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THE INSIDER AUTHORITY ON GATOR SPORTS

  • Florida Gators guard Jon Halapio (right) will start his team-leading 27th consecutive game against Louisville in Wednesday's Sugar Bowl. / Gator Country file photo by Saj Guevara

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awaits Halapio

Written by Nick de la Torre, December 5, 2013, 0 Comments,
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He was just a three-star prospect coming out of St. Petersburg Catholic High School in 2009. Hardly the kind of prospect that moved the needle in a class filled with names like Gary Brown, Andre Debose, Jelani Jenkins, Jon Bostic, Dee Finley and Mike Gillislee.

He signed his letter of intent to play football at the University of Florida just weeks after the Gators had won their second national championship in three seasons. Florida was a powerhouse and some guy named Tim Tebow decided to spend another season in Gainesville.

Jon Halapio earned a medical redshirt his first year on campus after playing in three games. He watched form the sidelines and the Gators battled their way to a 12-0 record and a second consecutive appearance in the SEC Championship game. Florida would lose 32-13 but bounced back with a 51-24 win in the Sugar Bowl.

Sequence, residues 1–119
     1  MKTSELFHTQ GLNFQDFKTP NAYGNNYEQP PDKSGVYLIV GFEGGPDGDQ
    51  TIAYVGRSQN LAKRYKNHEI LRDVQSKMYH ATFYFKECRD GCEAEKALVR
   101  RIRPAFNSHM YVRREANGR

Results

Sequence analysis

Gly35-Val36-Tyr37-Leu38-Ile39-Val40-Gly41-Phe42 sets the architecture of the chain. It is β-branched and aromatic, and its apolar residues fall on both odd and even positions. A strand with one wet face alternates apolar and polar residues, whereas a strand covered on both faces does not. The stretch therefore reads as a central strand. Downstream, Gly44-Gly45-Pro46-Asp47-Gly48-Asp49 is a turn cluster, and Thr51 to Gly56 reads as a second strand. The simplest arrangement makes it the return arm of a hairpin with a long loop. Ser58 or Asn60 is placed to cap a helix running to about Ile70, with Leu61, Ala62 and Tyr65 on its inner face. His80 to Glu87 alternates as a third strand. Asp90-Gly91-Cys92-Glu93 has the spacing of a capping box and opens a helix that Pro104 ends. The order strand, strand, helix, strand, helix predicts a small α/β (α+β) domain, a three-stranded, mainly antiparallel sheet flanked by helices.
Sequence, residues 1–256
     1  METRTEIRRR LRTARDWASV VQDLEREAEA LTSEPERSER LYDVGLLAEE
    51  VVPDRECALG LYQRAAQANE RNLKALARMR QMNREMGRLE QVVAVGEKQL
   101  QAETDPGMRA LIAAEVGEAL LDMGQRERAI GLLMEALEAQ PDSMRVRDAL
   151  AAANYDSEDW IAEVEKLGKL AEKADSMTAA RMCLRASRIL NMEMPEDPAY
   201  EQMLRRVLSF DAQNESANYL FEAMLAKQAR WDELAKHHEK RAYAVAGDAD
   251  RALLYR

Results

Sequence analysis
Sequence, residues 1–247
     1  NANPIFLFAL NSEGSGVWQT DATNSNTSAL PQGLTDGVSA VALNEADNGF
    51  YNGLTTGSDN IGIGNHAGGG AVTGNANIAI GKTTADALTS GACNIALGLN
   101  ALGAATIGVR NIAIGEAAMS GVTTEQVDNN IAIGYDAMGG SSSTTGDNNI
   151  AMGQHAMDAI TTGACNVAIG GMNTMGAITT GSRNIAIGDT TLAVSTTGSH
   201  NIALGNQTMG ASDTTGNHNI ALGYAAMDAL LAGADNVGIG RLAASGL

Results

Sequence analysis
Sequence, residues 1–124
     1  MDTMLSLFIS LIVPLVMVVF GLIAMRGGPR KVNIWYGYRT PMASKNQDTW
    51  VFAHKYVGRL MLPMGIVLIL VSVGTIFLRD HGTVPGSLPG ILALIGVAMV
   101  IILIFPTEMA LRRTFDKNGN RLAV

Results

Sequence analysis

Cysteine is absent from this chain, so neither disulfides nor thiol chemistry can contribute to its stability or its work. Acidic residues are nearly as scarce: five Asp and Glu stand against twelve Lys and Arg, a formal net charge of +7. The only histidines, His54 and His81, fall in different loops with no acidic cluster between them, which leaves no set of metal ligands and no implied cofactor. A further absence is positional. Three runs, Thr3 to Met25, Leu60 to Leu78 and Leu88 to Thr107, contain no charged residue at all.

His freshman season ended with 13 wins and was surely a sign of things to come.

Things got better for that three-star player from St. Petersburg. He played in 12 games as a sophomore — earning seven starts. He quickly became Florida’s iron man — starting every game at right guard in 2010 and 2011.

His swan song season was derailed before it even had a chance to take the stage. Halapio tore his left pectoral muscle in what was described as a freak weight lifting accident. He missed the first two games of the season, snapping his team him 27-consecutive games played streak.

The struggles of the 2013 Florida Gators have been well documented. It certainly wasn’t what the coaches, fans, or the kid who watched Tim Tebow, Brandon Spikes and Riley Cooper carry the freshman version of Halapio’s Gators’ one game away form playing for back-to-back national championships.

“I never thought that my senior season would go like this, especially with four wins at this point,” Halapio said before the Florida State game. “I just experienced a lot here at this program and it’s just gonna make me as an individual stronger.”

A loss to Florida State ended his career at Florida but not his career as a football player.

Halapio received one of the best wake up calls he can remember last Tuesday with an opportunity of a lifetime.

“George Wynn, he’s the head of our football operations, actually called me in the middle of a nap,” Halapio told Gator Country. “And he told me I got an invitation in the mail for the Senior Bowl. I jumped up, I was so happy.”

It didn’t take long for Halapio to wake up.